Government contracts


• NHS – managed 200 operating theatres; 11,800 beds; made 18,500 patient meals a day

• Transport – “smart motorways” to monitor traffic and ease congestion; work on HS2; track renewal for Network Rail; Crossrail contractor

• Defence – maintained 50,000 armed forces’ houses; a £680m contract to provide 130 new buildings in Aldershot and Salisbury plain for troops returning from Germany

• Education – cleaning and meals for 875 schools

• Prisons – maintained 50% of UK prisons.


A proper shakeup of the industry would probably mean an increase in the cost of audits, but that will be money well spent if it means more competition and higher standards. “KPMG’s long and complacent tenure auditing Carillion was not an isolated failure,” says the report. “It was symptomatic of a market which works for members of the oligopoly but fails the wider economy.” Spot on.

Second, ministers need to understand the risks they take when they outsource work to companies of Carillion’s size. The failed firm had 450 government contracts and the Crown Representative, looking out for taxpayers’ interests, had no insight into how badly things were going wrong. The huge profit warning in July 2017, which marked the beginning of the end, was a complete shock in Whitehall.

The report is short on specific proposals, other than telling ministers to appreciate that “the cheapest bid is not always the best”. But there are good ideas around, and some have even come from the contractors’ side of fence.

Rupert Soames, the chief executive who led the rescue of Serco to prevent an earlier Carillion-style calamity, has suggested a few: open-book accounting so that the Cabinet Office and National Audit Office have the numbers; bank-style “living wills” so that contracts can be handed back to government without huge costs to the public purse; and a code of conduct that, on the supplier’s side, would involve conservative financing, timely payment of subcontractors, and adequately funded pension schemes.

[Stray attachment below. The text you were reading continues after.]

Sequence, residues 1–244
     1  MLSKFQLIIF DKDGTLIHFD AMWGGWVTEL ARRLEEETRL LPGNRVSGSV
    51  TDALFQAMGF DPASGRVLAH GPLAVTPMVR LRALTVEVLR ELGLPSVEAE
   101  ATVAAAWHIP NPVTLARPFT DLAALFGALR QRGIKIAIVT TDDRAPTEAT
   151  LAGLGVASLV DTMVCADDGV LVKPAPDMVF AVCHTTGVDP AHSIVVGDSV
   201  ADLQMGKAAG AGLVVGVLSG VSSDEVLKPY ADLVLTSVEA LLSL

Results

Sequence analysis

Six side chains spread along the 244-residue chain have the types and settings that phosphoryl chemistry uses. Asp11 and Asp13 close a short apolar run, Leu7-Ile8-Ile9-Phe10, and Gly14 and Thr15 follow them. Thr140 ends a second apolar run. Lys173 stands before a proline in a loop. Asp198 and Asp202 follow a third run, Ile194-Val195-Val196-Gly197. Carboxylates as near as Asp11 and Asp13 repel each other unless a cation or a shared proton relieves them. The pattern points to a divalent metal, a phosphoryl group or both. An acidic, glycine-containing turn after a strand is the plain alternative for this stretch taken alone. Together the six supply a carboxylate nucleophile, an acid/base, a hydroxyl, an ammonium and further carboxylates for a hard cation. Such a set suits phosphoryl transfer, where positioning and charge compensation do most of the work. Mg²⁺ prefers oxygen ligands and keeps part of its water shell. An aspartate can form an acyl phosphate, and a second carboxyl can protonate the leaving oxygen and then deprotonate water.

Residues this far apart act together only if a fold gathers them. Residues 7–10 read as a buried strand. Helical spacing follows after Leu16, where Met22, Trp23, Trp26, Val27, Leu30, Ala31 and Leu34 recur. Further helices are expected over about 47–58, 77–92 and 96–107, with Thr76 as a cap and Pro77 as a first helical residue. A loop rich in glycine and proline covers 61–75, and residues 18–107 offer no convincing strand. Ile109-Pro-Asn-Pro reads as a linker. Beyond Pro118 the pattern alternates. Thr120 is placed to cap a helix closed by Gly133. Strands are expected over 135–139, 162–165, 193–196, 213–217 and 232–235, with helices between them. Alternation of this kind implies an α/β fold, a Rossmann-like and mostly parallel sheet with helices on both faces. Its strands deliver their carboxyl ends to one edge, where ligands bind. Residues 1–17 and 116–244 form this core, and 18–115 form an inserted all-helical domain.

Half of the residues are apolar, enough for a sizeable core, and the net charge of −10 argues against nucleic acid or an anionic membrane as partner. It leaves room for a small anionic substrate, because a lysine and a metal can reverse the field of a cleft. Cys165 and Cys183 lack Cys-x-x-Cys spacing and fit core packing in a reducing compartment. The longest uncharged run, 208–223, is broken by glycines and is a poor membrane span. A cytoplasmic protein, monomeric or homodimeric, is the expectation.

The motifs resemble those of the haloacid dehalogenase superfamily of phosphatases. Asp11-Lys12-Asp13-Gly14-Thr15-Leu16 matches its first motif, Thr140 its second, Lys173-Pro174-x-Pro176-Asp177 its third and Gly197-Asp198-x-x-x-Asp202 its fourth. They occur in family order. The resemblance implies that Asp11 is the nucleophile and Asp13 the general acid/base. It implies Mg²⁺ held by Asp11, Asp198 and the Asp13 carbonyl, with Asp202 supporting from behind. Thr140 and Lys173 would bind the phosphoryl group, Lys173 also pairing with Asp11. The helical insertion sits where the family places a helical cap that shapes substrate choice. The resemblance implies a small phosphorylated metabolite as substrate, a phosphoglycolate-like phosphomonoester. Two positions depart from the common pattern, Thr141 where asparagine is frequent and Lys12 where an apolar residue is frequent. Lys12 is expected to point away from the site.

The government is free to demand all that and more. It just requires the penny to drop that, when you’re buying £200bn of goods and services from the private sector each year, you can change the way business is conducted.

The third priority is pensions, since Carillion dumped an £800m liability on the industry lifeboat. The Pensions Regulator’s threats were hollow and its bluff was called, the report says. The directors were allowed to keep paying a dividend to shareholders that was plainly unaffordable.

It’s now too late for excuses or pleas about insufficient powers. The MPs’ hard judgment is that “a tentative and apologetic approach is ingrained” at the regulator and “the current leadership” may not be equipped for cultural change. That sounds like a call for Lesley Titcomb, the chief executive, to go. It would be personally tough on her, since she arrived in 2015, by which time the worst mistakes on Carillion had been made, but she should take the hint. A pensions regulator needs to be feared.

The overall report is impressive – it drips with anger and is strong on detail. It would be disgrace if it fell between the cracks of Brexit. It is essential that the government makes a point-by-point response – starting with the auditors, who escaped from the scene of the banking catastrophe but whose moment in the spotlight is now.